WordCamp Netherlands 2012 was exactly one weekend ago. I have been writing posts on my talks earlier, but this post is a full recap on the entire event. To summarize the entire event in one single line: I had an absolute great time and am already looking forward to the next event!
First of all, I’d like to thank all the people who organized or somehow contributed to this fantastic event. The people capable of hosting an event which attracts close to 200 visitors, two days in a row, deserve an extra compliment (or two).
It’s all about the talks
At most WordCamps, the entire event is spread out over multiple tracks. In the Netherlands, we have had a different approach the last years. During the morning, we have one main stage, where the talks are keynote style for the full audience.
In the afternoon, our WordCamp switches to the more traditional format and all talks are spread out over three tracks. This year we had a general track, besides a track for beginners and experts. The talks were a bit hard to put in the right track, but based on the title and speaker, most people we’re able to see the right talks.
This year, I missed most of the afternoon tracks, mostly because I was still too busy fixing the slides for my own talks. The talks that I was able to attend, were absolutely great.
English, or local language?
The only thing that I hope we might change for next years WordCamp, is the language of all the talks. To have a more international event, we could try to have more English talks in the afternoon. That is the only remark I have on this years Dutch WordCamp.
I know there is a statement on the Plan WordCamps website on speakers, that includes the chapter “Locals or Rock Stars?”. But there is nothing mentioning language. Perhaps it is a good idea for the beginners track to be in the local language, but the other tracks can serve a larger audience if the talk is in English, I think.
Meeting great people
The one thing I like best about WordCamps is that you get to meet people you normally only ‘speak’ online, on Twitter for example. This years WordCamp Netherlands was very well visited by the WordPress core team; Andrew Nacin, Jon Cave and Cristi Burcă attended. But we had more international WordPress rockstars visiting, I also met Noel Tock, Paul Gibbs, Tammie Lister and Siobhan McKeown.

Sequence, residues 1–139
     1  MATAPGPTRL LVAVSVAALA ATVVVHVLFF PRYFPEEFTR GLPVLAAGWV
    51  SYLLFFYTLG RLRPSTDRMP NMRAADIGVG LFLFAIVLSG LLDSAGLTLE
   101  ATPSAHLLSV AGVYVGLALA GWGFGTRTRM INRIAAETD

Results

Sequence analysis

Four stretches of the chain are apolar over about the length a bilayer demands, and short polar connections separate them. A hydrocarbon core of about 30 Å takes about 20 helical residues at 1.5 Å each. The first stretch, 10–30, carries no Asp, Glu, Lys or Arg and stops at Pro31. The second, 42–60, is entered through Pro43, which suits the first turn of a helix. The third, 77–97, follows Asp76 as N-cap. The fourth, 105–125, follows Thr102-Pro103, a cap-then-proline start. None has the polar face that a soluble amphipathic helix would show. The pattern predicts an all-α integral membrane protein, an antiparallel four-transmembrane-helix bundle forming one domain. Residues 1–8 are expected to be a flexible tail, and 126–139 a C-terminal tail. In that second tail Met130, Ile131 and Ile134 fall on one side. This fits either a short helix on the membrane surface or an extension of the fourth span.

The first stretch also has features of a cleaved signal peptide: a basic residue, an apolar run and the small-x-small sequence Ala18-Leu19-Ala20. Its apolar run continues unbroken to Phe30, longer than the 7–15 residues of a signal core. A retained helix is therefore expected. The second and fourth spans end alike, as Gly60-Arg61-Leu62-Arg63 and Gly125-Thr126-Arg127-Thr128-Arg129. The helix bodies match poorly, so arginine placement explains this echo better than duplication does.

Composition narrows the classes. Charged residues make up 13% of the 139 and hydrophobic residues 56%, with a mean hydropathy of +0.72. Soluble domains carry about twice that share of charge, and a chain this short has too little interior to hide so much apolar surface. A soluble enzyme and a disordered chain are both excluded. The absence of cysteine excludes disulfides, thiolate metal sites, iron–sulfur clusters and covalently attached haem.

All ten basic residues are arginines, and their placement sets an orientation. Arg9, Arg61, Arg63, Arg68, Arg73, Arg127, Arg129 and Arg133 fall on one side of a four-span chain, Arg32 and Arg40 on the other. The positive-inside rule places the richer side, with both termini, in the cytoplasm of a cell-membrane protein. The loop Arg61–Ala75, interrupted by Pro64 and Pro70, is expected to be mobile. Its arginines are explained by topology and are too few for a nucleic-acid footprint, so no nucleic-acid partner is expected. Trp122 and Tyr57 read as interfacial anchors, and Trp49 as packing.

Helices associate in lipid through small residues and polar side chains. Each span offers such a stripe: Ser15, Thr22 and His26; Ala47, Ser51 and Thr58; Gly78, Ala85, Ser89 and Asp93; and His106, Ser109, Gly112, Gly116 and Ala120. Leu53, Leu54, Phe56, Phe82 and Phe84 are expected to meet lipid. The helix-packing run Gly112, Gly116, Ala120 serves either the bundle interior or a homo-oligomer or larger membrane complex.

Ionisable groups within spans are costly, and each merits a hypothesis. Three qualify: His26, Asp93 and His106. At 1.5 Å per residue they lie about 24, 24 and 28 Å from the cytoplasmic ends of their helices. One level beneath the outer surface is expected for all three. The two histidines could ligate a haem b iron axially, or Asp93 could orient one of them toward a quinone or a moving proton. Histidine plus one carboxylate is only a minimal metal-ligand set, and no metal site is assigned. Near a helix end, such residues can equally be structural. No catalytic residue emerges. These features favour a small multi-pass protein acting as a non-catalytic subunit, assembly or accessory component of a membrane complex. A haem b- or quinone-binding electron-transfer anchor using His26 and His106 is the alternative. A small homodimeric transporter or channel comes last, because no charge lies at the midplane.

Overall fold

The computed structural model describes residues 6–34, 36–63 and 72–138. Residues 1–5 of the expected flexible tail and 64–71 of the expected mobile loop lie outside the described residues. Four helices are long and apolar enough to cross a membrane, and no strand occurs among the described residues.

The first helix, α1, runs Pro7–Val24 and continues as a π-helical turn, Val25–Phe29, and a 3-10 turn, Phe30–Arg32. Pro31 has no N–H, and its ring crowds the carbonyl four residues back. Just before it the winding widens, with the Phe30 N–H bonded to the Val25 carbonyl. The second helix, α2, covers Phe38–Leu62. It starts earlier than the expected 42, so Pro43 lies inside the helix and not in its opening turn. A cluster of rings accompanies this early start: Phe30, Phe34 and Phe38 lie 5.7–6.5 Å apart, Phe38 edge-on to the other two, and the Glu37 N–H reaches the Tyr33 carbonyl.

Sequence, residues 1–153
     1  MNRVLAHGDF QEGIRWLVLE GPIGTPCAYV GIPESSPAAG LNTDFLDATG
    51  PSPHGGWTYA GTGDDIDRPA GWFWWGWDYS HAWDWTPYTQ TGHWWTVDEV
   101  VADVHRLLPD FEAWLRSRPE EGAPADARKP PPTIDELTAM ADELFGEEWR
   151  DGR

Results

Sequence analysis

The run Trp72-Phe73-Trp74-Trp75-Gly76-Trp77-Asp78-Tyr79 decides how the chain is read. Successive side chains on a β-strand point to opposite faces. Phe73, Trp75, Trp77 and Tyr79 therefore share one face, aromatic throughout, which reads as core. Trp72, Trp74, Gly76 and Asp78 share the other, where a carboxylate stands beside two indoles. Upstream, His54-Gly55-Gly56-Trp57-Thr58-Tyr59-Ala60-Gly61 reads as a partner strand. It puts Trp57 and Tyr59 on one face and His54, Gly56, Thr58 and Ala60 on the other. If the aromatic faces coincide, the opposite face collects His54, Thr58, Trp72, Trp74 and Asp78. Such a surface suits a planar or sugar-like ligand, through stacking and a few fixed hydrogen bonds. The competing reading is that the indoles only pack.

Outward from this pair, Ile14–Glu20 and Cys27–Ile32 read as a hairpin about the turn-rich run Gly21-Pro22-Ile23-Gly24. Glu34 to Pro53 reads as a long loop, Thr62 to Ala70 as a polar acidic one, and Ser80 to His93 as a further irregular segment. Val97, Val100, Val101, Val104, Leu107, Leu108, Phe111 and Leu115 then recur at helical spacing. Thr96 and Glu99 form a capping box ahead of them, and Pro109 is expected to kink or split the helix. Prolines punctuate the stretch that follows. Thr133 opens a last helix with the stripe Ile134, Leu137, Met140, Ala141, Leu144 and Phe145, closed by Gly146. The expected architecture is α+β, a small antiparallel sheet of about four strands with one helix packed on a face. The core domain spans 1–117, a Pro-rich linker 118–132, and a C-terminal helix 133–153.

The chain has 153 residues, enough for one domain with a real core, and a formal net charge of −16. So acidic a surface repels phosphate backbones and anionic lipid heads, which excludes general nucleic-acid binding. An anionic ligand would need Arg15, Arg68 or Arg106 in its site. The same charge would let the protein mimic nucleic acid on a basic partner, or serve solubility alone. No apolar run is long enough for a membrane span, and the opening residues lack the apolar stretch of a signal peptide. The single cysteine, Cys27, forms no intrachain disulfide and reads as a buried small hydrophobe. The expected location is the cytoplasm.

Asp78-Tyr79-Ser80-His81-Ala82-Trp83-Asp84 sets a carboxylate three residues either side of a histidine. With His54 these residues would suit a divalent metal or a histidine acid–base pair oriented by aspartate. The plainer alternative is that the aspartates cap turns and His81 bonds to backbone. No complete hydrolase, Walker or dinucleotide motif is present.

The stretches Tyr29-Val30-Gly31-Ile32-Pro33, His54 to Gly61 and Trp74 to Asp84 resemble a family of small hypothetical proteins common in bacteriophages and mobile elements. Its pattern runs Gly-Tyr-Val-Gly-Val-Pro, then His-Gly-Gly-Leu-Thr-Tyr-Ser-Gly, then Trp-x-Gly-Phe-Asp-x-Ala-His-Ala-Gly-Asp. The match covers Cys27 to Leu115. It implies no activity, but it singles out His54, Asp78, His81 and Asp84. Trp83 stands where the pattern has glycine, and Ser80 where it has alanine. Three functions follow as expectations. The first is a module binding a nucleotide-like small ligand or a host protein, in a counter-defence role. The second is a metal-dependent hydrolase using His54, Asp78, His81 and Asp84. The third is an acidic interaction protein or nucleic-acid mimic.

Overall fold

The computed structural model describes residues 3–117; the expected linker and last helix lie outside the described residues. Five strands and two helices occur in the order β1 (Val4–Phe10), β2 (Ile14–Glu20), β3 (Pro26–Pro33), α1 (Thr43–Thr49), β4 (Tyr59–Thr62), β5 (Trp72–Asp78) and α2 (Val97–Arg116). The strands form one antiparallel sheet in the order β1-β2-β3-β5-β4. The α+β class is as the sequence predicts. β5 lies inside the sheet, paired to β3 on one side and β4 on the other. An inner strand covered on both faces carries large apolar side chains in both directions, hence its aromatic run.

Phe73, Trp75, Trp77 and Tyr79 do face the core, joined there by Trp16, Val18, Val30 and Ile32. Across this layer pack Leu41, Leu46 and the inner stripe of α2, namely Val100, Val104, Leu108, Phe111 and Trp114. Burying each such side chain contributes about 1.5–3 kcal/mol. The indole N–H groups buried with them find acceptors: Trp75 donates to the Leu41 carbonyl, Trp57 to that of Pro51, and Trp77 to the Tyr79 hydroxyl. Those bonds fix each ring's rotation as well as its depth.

And last but not least, WordCamps are a great way to get back in touch with people you haven’t seen for a while. I’m not able to list everyone who I had a great time with, but hanging out with people who work in the same field is great. Meeting offline is a great way to improve working together, just by drinking a beer and have a good time.
My three talks
In case you missed my previous posts covering my talks, here is a quick list.
At this years WordCamp Netherlands, I was scheduled for a total of three talks. The first day, I did one talk in the expert track. The second day, I did one talk in the expert track, as well as a talk in the beginner track. I’ve posted more information on all these talks before:
The main purpose of this talk was to get into Trac and show people what was happening there. That is also the moment when people started to see how active the community really is and how things roll on Trac.
In this talk, my main goal was introducing people to version control, quickly showing them how things work and how different SVN and Git really are.
For this talk, I expected a different audience, different questions and therefore prepared a talk showing the basic usage of Custom Post Types, Taxonomies and Meta Boxes. This approach proved to be a great idea, I think everyone walked out having learned something new.